I had a client do this without telling me and suddenly, traffic dropped quickly and quite dramatically! But that’s not the bad part. Their site went from making an average of $32K a week, down to $13K. That’s a BIG chunk of change lost, just because when people clicked on a Google search result, they were met with a 404 page because the former link was broken! At least that’s how search spiders saw it. Plus, if you don’t do this right away, it can take quite a while for things to come back.

You need to redirect every single page that has moved or changed, and you need to do it quickly.

Using WordPress, there are several different redirection plugins available. I like “Redirection,” but there are many plugins that will help with this. Just find one that is up-to-date and highly rated.

Generally, you’re going to be putting a bunch of URLs into the plugin system and telling search spiders where they can now find the page. So, for example:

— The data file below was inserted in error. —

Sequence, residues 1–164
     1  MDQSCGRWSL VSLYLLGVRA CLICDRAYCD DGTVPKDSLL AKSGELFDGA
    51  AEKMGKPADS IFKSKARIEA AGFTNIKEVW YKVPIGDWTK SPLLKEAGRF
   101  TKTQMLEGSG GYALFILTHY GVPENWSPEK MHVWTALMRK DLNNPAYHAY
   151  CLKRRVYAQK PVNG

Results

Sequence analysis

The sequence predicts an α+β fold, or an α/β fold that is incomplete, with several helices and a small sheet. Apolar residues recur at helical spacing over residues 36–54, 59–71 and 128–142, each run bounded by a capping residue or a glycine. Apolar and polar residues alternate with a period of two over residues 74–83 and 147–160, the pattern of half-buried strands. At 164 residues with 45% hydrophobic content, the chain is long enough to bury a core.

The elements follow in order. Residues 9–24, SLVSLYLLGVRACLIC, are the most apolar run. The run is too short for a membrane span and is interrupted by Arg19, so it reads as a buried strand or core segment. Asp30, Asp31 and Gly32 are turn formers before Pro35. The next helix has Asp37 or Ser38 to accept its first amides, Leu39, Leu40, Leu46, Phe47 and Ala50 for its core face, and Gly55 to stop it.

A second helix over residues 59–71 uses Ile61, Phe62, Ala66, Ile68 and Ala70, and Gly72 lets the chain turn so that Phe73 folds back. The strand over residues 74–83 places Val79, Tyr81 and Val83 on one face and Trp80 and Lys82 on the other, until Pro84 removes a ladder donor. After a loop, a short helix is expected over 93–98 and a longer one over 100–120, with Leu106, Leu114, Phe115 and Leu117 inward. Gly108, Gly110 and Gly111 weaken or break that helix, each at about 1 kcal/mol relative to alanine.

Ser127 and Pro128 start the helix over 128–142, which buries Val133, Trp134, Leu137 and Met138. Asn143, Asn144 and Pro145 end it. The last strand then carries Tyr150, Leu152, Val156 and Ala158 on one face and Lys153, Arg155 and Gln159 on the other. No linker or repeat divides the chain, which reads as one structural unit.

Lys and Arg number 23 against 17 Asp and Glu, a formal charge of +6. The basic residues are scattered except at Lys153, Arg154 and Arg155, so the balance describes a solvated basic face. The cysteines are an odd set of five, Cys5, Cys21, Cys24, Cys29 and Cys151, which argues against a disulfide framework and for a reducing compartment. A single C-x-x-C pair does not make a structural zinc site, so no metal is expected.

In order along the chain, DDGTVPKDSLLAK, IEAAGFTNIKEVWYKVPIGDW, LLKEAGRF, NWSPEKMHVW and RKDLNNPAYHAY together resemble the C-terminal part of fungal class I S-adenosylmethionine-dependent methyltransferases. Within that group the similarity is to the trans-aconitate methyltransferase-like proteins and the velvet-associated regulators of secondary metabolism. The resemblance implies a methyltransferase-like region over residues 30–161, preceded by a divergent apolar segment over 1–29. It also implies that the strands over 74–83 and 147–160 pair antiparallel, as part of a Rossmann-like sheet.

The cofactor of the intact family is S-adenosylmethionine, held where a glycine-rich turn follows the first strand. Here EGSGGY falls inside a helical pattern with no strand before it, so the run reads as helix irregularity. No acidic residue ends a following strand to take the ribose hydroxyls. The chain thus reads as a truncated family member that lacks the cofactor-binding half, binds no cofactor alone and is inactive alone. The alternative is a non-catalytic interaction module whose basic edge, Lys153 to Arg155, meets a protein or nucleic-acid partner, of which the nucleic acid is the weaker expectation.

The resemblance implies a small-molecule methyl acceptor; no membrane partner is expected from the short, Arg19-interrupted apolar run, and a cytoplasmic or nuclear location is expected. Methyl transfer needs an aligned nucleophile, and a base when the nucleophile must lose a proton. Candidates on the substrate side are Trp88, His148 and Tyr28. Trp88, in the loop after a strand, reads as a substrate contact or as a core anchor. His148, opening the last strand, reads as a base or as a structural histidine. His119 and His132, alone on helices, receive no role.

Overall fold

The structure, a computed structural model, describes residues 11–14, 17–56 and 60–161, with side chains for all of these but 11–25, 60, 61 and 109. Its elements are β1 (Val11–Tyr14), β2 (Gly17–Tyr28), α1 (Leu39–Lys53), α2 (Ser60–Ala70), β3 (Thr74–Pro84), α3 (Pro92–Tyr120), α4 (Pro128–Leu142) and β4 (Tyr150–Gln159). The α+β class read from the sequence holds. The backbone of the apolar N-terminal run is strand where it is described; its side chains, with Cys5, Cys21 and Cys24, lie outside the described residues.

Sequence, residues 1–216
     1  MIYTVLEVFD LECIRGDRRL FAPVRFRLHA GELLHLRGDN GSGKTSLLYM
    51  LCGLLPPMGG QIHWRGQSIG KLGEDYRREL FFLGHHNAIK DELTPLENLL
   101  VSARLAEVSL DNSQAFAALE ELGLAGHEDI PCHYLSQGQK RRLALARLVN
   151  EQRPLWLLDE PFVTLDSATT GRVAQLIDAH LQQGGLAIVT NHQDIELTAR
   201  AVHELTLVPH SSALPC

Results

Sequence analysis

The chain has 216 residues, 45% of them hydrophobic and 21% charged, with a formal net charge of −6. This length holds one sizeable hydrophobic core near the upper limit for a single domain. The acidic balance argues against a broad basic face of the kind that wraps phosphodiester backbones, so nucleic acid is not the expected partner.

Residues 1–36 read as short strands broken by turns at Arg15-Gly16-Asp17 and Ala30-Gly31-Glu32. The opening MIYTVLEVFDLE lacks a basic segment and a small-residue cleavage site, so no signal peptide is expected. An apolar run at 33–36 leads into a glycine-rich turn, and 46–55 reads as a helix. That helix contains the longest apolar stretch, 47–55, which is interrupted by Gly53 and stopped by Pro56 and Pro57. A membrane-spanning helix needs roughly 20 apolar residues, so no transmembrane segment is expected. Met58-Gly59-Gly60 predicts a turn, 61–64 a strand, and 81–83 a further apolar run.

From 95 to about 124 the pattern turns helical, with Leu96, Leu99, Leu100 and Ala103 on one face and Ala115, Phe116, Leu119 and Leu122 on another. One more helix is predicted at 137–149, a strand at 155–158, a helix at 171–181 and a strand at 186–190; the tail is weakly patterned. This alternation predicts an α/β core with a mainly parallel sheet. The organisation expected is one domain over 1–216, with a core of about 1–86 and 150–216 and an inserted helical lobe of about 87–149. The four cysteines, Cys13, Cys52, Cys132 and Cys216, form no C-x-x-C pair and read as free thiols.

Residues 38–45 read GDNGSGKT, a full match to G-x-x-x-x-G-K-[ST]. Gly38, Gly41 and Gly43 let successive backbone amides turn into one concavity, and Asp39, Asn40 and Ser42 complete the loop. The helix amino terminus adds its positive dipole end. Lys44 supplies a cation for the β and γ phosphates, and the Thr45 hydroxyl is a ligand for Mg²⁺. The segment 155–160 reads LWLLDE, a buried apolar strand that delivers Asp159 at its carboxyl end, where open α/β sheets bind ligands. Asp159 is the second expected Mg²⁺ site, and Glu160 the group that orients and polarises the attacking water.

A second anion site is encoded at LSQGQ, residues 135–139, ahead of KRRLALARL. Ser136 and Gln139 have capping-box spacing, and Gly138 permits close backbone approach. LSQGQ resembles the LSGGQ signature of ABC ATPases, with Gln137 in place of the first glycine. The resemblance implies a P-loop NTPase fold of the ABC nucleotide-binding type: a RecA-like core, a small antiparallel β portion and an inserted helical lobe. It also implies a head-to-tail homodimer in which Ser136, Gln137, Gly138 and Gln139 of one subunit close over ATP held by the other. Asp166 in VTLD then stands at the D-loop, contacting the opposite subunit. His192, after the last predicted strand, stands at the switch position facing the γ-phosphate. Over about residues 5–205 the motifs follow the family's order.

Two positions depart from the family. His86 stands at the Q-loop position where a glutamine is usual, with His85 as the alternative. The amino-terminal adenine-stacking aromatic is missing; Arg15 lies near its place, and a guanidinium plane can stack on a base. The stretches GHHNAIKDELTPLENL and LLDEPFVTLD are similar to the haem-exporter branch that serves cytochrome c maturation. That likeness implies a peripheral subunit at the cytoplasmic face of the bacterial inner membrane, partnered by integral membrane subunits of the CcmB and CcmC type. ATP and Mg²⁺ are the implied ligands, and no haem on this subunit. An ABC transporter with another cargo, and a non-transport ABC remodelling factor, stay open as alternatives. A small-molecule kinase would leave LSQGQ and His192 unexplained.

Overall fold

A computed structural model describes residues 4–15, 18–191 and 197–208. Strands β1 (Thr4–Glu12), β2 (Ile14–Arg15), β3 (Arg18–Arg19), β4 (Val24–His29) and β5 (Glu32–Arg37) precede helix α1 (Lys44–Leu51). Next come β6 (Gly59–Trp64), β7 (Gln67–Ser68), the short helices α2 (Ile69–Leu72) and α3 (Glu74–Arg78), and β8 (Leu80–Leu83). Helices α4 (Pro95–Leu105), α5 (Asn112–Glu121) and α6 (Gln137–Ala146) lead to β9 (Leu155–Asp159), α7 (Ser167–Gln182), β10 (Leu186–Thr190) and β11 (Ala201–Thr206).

Old page: http://myolddomain.com/page1.html

Redirect to: http://mynewdomain.com/page1.html

That’s it.

But if your site has a LOT of pages, it could take forever to redirect each of them to the new URLs, one-by-one. What I like most about “Redirection” is that if you change a title, for example, the URL to that page changed. Redirection will automatically redirect the old page to the new one. You’re saved without making a single entry!

However, let’s say you moved your whole site and there are 3,000 pages in your site. Every URL has to be redirected.

One-by-one, this could take forever, so you probably want to add a “Mod Rewrite” in your .htaccess file instead. This is a little more technical than I like to be in an article, so if you’re on an Apache server (as most of us are), here’s a full tutorial from Apache that will help you to create a Mod Rewrite. Done properly, a mod rewrite will transfer all of the pages from one domain to the other without needing to do each URL one-by-one. Whew!

Bing Webmaster Tools has made the redirection MUCH simpler for webmasters, which I think is killer. Log into your account, and in the left-side navigation panel, you’ll find this:

Open “Diagnostics & Tools” and scroll down to “Site Move.” You’ll be taken to a page like this: